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succeeded in bringing the entire country to a halt, ruining the economy, and leading to widespread unrest, rioting, and potentially a spate of tragic deaths.


The Intersections of International Humanitarian and Human Rights Law

In order to determine what combination of IHL and IHRL should be considered in grafting a legal regime to deal with cyber attacks that rise to the level of an armed attack, it is necessary to investigate the intersections in these two distinct bodies of law.  International human rights law and international humanitarian law differ in their formulation, structure, application, and enforcement.  Rene Provost has argued that the distinctions between the two regimes are far from merely “semantic and contextual,”215 but areas of overlap exist.  Since WWII, increased international consensus has led to the establishment of numerous norms and standards in both human rights and humanitarian law aimed at better protecting human integrity.  The question then naturally arises, is each system a clearly-defined, or amorphous, legal entity crafted to meet specific and distinct societal needs during peace and armed conflict?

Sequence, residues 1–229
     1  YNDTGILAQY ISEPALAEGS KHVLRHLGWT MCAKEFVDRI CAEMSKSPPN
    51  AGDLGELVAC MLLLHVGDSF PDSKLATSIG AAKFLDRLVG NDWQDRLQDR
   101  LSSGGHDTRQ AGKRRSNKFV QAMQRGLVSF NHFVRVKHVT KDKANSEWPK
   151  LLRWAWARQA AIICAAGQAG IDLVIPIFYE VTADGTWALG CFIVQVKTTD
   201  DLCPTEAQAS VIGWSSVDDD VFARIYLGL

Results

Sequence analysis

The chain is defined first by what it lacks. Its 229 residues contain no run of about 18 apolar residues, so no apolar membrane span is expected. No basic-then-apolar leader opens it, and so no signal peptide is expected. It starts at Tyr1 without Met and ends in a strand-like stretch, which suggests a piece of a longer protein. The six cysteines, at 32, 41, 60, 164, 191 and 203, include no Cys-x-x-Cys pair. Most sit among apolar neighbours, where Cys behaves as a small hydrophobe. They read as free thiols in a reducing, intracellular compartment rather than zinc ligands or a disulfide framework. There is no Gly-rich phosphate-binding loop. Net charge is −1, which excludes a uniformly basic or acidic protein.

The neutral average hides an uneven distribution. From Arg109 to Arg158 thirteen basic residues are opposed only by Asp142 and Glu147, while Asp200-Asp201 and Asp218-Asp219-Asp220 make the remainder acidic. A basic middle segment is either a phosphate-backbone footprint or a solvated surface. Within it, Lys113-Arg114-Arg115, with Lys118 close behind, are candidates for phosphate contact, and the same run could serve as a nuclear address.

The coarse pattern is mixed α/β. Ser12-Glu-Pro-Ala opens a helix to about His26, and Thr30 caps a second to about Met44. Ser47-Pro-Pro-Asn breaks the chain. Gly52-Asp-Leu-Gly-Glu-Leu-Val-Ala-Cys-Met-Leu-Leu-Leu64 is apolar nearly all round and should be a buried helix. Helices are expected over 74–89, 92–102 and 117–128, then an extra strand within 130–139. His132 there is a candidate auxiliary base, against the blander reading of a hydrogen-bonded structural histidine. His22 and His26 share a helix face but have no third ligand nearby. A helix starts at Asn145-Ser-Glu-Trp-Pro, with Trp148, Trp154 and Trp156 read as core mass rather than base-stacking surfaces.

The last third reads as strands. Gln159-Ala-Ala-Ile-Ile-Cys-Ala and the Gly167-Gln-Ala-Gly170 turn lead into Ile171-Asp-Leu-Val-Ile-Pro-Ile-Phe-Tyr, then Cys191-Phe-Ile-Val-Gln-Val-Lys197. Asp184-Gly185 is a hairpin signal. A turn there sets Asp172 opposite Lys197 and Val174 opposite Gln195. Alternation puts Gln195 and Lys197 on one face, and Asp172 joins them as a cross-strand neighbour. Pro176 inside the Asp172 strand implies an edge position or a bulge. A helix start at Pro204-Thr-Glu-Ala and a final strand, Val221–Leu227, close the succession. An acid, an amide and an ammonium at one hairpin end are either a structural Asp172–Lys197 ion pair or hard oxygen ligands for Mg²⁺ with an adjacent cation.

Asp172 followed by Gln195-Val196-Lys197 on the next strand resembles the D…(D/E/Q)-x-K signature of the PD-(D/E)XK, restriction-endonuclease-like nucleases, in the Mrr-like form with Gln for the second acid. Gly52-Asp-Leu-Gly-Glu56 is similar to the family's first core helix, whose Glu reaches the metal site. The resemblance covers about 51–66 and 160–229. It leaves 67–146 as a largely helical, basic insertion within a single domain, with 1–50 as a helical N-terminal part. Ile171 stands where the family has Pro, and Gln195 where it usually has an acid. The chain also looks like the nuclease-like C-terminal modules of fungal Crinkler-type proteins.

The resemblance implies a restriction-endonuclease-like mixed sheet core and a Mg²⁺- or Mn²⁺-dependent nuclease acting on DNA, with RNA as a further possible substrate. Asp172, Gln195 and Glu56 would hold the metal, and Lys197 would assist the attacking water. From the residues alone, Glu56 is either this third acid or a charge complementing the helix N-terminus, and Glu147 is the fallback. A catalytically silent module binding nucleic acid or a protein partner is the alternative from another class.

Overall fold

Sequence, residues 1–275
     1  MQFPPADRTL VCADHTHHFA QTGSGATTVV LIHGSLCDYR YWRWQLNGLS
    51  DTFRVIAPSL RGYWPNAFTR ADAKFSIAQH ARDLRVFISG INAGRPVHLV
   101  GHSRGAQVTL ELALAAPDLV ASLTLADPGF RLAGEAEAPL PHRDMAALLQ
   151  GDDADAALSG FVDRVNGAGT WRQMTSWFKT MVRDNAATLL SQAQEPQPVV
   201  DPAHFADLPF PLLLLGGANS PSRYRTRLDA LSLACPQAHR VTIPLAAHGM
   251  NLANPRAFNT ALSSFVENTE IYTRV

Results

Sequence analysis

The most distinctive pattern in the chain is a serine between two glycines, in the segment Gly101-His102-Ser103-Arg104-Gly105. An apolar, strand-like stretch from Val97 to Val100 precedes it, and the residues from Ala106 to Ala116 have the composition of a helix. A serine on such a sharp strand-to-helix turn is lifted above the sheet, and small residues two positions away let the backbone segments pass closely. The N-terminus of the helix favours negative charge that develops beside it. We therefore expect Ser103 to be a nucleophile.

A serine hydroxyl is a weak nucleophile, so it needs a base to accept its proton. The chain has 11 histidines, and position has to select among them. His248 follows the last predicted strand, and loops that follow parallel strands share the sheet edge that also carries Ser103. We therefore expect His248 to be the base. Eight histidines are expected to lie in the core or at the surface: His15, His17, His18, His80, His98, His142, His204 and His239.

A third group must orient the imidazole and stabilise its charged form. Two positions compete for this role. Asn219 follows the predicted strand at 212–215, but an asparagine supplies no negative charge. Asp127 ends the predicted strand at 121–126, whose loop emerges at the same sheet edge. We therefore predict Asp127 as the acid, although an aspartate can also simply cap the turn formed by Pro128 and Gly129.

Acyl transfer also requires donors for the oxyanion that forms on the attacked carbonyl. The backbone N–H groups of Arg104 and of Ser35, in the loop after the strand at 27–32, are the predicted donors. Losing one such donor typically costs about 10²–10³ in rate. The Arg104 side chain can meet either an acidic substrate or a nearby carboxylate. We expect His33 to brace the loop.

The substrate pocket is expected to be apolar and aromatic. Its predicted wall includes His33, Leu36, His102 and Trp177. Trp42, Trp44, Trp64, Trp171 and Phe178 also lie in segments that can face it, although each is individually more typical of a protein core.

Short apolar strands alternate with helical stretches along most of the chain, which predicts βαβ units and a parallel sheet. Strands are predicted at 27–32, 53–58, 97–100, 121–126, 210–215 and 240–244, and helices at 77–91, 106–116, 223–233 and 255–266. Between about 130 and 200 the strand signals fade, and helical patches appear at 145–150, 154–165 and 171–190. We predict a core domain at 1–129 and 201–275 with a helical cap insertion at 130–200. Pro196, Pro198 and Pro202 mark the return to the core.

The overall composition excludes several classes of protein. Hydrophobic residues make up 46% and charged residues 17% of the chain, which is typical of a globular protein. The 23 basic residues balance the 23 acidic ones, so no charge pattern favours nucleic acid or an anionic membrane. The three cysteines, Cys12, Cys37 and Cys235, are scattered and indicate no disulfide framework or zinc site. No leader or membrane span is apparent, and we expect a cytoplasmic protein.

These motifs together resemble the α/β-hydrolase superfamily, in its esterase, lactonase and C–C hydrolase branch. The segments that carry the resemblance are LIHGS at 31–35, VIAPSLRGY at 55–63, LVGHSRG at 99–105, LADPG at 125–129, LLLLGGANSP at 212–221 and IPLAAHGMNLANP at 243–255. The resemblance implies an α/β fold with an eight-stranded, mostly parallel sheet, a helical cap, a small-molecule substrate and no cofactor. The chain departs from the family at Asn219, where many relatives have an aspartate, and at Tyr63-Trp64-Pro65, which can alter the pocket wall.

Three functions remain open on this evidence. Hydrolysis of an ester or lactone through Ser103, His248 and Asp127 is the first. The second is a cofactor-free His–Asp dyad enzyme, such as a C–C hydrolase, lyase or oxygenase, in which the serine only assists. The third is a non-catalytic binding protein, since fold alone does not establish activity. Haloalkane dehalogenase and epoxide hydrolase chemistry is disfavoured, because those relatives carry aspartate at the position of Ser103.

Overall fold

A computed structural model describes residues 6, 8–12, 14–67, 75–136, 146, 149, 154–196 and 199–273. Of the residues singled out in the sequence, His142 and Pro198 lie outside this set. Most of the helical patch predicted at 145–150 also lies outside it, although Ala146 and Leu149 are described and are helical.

The unique threat posed by non-state actors, combined with the lack of a consensus on the legal categorization of conflict, creates conditions in which the criminal law enforcement and armed conflict paradigms overlap.  This overlap affects the applicability of human rights law, which is most commonly associated with law enforcement, and humanitarian law, which applies during armed conflict.216  Human rights conventions generally do not impose obligations on individuals.  Though if there is an applicable treaty or erga omnes customary law obligation, then states must protect

215 Rene Provost, Aid and Intervention: International Human Rights and Humanitarian Law 343 (2002).

216 Watkin, supra note 93.

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